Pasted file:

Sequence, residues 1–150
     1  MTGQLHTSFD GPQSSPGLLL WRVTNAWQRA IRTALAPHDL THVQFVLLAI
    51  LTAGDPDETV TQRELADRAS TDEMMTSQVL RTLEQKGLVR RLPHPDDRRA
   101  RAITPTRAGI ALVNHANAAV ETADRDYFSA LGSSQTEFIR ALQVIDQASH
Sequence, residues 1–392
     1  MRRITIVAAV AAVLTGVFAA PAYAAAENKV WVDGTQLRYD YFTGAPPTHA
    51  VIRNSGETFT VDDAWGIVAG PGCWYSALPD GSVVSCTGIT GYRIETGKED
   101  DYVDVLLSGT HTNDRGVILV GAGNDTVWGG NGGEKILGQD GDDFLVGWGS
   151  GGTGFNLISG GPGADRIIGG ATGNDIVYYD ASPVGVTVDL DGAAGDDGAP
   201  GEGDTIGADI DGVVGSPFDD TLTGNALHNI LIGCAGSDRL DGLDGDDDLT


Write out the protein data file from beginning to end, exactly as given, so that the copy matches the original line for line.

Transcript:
Sequence, residues 1–150
     1  MTGQLHTSFD GPQSSPGLLL WRVTNAWQRA IRTALAPHDL THVQFVLLAI
    51  LTAGDPDETV TQRELADRAS TDEMMTSQVL RTLEQKGLVR RLPHPDDRRA
   101  RAITPTRAGI ALVNHANAAV ETADRDYFSA LGSSQTEFIR ALQVIDQASH
Sequence, residues 1–392
     1  MRRITIVAAV AAVLTGVFAA PAYAAAENKV WVDGTQLRYD YFTGAPPTHA
    51  VIRNSGETFT VDDAWGIVAG PGCWYSALPD GSVVSCTGIT GYRIETGKED
   101  DYVDVLLSGT HTNDRGVILV GAGNDTVWGG NGGEKILGQD GDDFLVGWGS
   151  GGTGFNLISG GPGADRIIGG ATGNDIVYYD ASPVGVTVDL DGAAGDDGAP
   201  GEGDTIGADI DGVVGSPFDD TLTGNALHNI LIGCAGSDRL DGLDGDDDLT